Published on in Vol 3, No 4 (2015): Oct-Dec

Web-Based and Mobile Delivery of an Episodic Future Thinking Intervention for Overweight and Obese Families: A Feasibility Study

Web-Based and Mobile Delivery of an Episodic Future Thinking Intervention for Overweight and Obese Families: A Feasibility Study

Web-Based and Mobile Delivery of an Episodic Future Thinking Intervention for Overweight and Obese Families: A Feasibility Study

Original Paper

1Department of Pediatrics, Jacobs School of Medicine and Biomedical Sciences, University at Buffalo, Buffalo, NY, United States

2Department of Community Health and Health Behavior, School of Public Health and Health Professions, University at Buffalo, Buffalo, NY, United States

Corresponding Author:

Leonard H Epstein, BA, PhD

Department of Pediatrics

Jacobs School of Medicine and Biomedical Sciences

University at Buffalo

Farber Hall, Room G56

3435 Main Street, Building #26

Buffalo, NY,

United States

Phone: 1 716 829 3400

Fax:1 716 829 3993


Background: The bias toward immediate gratification is associated with maladaptive eating behaviors and has been cross-sectionally and prospectively related to obesity. Engaging in episodic future thinking, which involves mental self-projection to pre-experience future events, reduces this bias and energy intake in overweight/obese adults and children. To examine how episodic future thinking can be incorporated into clinical interventions, a Web-based system was created to provide training for adults and children in their everyday lives.

Objective: Our study examined the technical feasibility, usability, and acceptability of a Web-based system that is accessible by mobile devices and adapts episodic future thinking for delivery in family-based obesity interventions.

Methods: We recruited 20 parent-child dyads (N=40) from the surrounding community and randomized to episodic future thinking versus a nutritional information thinking control to test the feasibility of a 4-week Web-based intervention. Parents were 44.1 (SD 7.8) years of age with BMI of 34.2 (SD 6.8) kg/m2. Children were 11.0 (SD 1.3) years of age with BMI percentile of 96.0 (SD 1.8). Families met weekly with a case manager for 4 weeks and used the system daily. Adherence was collected through the Web-based system, and perceived acceptance of the Web-based system was assessed postintervention. Measurements of body composition and dietary intake were collected at baseline and after the 4 weeks of intervention.

Results: All 20 families completed the intervention and attended all sessions. Results showed parents and children had high adherence to the Web-based system and perceived it to be easy to use, useful, and helpful. No differences between conditions were found in adherence for parents (P=.65) or children (P=.27). In addition, results suggest that basic nutrition information along with episodic future thinking delivered through our Web-based system may reduce energy intake and weight.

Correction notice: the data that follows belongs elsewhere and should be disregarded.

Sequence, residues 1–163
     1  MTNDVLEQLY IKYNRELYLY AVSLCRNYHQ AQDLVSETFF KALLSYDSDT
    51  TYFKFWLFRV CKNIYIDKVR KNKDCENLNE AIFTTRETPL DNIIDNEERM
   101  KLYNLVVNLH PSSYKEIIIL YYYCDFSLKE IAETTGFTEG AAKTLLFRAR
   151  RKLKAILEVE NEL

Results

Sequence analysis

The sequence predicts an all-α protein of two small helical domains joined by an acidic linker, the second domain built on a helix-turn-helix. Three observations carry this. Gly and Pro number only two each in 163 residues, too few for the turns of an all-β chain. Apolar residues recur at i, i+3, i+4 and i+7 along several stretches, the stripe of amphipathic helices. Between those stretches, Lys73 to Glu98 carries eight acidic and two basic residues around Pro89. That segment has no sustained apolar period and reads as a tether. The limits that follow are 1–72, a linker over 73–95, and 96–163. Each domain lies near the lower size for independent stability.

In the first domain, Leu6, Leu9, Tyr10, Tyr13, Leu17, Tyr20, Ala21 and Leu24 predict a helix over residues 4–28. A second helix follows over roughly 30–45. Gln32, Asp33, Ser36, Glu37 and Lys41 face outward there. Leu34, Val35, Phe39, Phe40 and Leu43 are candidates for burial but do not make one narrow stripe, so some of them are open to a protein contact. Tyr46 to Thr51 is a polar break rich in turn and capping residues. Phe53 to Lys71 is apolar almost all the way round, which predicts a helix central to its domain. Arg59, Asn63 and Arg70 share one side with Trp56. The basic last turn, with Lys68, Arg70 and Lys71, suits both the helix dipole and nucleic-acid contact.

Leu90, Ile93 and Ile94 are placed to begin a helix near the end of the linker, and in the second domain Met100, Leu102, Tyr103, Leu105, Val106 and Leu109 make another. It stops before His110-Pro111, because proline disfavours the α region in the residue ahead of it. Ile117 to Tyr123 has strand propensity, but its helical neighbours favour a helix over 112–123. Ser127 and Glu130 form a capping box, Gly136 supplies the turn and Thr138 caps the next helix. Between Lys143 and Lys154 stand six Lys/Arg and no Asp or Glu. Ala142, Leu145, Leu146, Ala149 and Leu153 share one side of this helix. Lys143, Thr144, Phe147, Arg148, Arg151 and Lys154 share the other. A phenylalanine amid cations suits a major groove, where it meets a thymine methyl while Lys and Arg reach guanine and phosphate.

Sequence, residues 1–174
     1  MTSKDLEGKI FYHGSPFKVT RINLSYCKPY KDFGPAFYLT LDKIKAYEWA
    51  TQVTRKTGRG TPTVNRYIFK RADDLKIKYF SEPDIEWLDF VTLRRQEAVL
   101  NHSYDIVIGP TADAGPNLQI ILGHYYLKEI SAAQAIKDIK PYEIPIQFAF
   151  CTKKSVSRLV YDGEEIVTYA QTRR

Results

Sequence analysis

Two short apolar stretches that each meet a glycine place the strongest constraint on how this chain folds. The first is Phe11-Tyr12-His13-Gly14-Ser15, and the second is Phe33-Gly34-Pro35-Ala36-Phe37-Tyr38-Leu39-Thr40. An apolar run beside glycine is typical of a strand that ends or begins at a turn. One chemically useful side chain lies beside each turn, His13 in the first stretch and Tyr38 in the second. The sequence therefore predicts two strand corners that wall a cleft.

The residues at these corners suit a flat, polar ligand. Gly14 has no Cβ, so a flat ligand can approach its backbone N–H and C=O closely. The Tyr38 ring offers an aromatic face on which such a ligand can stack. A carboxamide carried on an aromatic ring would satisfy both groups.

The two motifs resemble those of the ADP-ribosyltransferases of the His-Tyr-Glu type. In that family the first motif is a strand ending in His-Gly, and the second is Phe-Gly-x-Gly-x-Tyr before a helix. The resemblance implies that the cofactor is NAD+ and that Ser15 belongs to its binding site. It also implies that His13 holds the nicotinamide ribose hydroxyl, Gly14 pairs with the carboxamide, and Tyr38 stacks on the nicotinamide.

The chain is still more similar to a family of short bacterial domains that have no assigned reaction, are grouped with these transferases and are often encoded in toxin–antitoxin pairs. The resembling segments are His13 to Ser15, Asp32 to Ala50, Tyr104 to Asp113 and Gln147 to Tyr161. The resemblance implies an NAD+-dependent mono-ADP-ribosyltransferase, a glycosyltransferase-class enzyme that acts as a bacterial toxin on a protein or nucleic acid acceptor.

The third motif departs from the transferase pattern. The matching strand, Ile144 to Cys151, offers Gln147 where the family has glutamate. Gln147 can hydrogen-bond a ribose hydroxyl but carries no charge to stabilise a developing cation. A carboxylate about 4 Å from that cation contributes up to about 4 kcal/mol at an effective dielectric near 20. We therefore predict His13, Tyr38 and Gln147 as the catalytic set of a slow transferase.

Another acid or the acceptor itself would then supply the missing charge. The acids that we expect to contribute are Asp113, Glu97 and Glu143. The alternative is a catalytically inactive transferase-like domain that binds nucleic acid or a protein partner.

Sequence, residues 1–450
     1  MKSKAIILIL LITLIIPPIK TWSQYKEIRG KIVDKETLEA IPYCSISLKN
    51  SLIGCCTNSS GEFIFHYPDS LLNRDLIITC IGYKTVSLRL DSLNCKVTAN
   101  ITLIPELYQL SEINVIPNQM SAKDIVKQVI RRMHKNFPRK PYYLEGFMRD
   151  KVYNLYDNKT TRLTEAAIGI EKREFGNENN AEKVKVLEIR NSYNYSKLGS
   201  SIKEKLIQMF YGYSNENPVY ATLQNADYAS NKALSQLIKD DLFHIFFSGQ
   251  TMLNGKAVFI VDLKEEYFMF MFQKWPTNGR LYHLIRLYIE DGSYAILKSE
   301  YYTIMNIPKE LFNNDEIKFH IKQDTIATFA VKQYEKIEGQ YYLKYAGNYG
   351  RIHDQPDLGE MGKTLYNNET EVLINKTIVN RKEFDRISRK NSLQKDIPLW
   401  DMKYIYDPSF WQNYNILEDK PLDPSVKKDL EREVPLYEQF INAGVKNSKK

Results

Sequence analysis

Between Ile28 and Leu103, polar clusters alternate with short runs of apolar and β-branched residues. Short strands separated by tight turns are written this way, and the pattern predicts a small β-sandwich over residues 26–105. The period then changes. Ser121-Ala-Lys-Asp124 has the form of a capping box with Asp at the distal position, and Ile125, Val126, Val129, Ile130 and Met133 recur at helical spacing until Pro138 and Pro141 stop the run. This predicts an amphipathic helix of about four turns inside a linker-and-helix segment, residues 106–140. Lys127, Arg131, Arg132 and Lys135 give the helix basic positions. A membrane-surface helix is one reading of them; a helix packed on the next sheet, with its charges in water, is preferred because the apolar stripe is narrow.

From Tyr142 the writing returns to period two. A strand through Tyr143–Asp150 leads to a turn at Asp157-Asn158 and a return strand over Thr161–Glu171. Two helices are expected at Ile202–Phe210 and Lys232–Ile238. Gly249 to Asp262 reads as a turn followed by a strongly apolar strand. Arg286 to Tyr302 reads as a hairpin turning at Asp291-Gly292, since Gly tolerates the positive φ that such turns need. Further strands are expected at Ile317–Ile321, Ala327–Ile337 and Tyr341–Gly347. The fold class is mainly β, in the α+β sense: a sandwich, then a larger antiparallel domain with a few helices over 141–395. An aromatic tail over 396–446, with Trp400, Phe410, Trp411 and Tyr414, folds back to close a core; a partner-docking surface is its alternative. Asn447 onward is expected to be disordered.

Conclusions: We showed that our Web-based system is an accepted technology and a feasible utility. Furthermore, results provide initial evidence that our system can be incorporated into family-based treatments targeting behaviors related to weight control. These results show promising utility in using our Web-based system in interventions.

JMIR mHealth uHealth 2015;3(4):e97



The development of obesity is contributed in part by a series of choices that influence positive energy balance. Although it is well publicized that obesity results from energy intake in excess of energy expenditure [1,2], many individuals choose the immediate gratification of overindulging in unhealthy and high-energy-dense foods over the more rational decision of consuming healthier foods for the long-term goal of healthy weight. This choice may reflect the bias toward immediate gratification that has been cross-sectionally and prospectively associated with obesity [3-5]. Moreover, this bias may be compounded for children, who have more difficulty resisting immediate gratification than adults [6], and may be even worse for obese children, who find it more difficult to delay gratification for food rewards [7]. Furthermore, a bias toward immediate gratification predicts diminished success with weight loss in family-based obesity treatment [8].